Saturday, October 24, 2009

Dairy Lunches & Other Lost Worlds

Grass Valley IOOF

You’ve never heard of “dairy lunches”; I can pretty much guarantee that. I know that because several years back I was researching dairy lunches and no one had ever heard of them, not even people in the trade. Well, eventually I ran across someone who did know about them, but it was a long haul.

I only knew about them because I’d been researching the history of ethnic restaurants in my town (Portland, OR) by digging through old phone books, looking for restaurants with ethnic names, and ran across a period of time—1920s-1940s—when nearly a quarter of the restaurants in town had the words “dairy lunch” in their name.



Naturally, I started asking around.

—Anybody know what a dairy lunch was?


Turns out they were the food fad of their day. Eat clean, eat dairy and you’ll avoid, if not cure, all ills. Being a Wisconsin boy, I can attest to the efficacy of that advice. Too bad we don’t still follow it; I can’t think of anything that a slice of lemon meringue pie doesn’t help.

I mention all this, not because there’s any connection between dairy lunches and cemeteries—the advice to eat clean and eat dairy was not deadly—but rather to demonstrate how quickly major institutions in American life can fade away leaving only wisps of memory like swirls of fog at the end of the pier. I wrote my little piece on the role of dairy lunches in American life, it was read by a handful of people, and promptly forgotten again. Dairy lunches are still lost.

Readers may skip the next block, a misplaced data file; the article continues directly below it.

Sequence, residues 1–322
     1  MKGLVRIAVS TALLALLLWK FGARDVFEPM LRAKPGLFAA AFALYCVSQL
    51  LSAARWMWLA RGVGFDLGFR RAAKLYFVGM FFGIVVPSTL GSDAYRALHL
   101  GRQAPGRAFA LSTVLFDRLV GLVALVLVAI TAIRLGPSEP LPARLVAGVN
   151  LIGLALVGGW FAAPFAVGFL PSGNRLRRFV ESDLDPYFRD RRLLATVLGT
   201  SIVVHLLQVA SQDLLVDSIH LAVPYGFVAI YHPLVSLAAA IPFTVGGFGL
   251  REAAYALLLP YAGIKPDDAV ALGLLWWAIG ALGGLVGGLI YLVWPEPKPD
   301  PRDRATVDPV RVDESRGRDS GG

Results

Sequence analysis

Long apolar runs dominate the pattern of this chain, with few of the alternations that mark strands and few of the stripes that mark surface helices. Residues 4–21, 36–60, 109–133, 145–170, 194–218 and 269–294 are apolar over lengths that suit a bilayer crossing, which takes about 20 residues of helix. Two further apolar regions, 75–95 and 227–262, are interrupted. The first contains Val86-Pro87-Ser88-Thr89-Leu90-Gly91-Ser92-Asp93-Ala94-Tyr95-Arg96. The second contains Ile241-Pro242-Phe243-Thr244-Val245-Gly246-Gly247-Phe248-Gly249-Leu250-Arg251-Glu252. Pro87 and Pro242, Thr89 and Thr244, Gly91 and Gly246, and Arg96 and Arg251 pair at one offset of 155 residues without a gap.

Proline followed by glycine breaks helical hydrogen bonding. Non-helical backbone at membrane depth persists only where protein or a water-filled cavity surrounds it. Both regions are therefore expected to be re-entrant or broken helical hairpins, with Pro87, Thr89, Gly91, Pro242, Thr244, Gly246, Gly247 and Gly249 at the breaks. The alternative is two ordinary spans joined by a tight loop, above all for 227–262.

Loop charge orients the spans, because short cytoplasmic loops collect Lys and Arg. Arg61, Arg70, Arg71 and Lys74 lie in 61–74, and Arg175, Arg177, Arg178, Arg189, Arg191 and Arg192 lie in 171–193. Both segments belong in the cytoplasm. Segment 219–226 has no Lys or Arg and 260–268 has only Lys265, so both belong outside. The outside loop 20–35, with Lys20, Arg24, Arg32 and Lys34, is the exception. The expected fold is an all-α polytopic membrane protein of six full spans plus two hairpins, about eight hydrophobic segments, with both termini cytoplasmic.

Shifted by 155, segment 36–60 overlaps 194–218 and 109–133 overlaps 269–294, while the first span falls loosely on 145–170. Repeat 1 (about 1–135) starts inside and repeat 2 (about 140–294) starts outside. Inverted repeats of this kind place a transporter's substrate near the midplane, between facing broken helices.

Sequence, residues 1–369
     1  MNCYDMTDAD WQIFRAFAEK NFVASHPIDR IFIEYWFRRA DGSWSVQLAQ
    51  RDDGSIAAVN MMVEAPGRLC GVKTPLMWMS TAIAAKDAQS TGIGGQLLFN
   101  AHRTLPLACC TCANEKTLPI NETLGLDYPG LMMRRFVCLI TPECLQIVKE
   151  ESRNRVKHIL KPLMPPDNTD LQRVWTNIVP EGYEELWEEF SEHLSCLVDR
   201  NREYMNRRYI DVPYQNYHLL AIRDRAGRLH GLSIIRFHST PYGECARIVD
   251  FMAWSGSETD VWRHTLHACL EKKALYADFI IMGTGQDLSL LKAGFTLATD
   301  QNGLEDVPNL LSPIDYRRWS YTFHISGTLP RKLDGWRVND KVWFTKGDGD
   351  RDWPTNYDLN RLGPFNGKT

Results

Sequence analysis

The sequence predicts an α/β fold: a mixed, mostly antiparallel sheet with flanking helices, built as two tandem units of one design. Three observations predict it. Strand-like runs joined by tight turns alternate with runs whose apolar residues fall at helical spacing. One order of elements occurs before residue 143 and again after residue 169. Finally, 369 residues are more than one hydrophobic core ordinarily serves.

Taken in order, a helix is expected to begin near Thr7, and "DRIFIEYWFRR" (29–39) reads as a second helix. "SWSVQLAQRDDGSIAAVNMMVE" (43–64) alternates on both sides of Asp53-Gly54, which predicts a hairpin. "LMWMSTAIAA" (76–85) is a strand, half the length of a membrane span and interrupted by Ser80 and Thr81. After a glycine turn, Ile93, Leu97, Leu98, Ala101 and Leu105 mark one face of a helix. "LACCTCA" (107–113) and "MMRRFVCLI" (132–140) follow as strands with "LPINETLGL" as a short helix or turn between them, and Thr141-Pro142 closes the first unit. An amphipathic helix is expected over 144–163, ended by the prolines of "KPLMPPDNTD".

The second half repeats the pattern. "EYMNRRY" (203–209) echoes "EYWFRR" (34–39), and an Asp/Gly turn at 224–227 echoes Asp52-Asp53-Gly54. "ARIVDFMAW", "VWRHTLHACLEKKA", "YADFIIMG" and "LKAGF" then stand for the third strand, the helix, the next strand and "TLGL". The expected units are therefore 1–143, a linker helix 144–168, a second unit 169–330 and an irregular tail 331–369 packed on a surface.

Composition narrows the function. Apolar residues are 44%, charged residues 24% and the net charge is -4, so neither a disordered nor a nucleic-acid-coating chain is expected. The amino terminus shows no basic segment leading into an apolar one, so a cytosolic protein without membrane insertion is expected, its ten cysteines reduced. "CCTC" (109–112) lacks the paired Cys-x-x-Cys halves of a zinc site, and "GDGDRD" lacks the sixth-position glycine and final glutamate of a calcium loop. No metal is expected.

It’s not quite that bad for fraternal organizations, the Odd Fellows and the Masons are still out there, but none of us remembers what they used to mean to American life, how they dominated American society. We don’t remember it because we never knew it. We only know they have halls here and there in some towns, halls as often falling to the wrecking ball as not. If it wasn’t for the Shriners’ circus most American would know nothing of the Masons.

Yet there are telltale traces of the pervasive influence these fraternal organization (known in England as “friendly societies”), the Odd Fellows and the Masons in particular, had in American life scattered throughout the landscape: the cemeteries. As always, cemeteries are the archaeologist’s treasure trove, and in this case it’s the very names of the cemeteries that leave a memory of a time when fraternal organizations played a central role in our culture. Indeed, it was a time when people were trusting their eternity to their chosen fraternity, something previously reserved for the church. How and why this transformation occurred and why it as quickly disappeared are enduring mysteries. I’m sure there are volumes written about fraternal organizations, but they rarely get covered in high school civics. Their place in our history is largely forgotten and were it not for the halls and cemeteries, the knowledge of their very existence would soon vanish.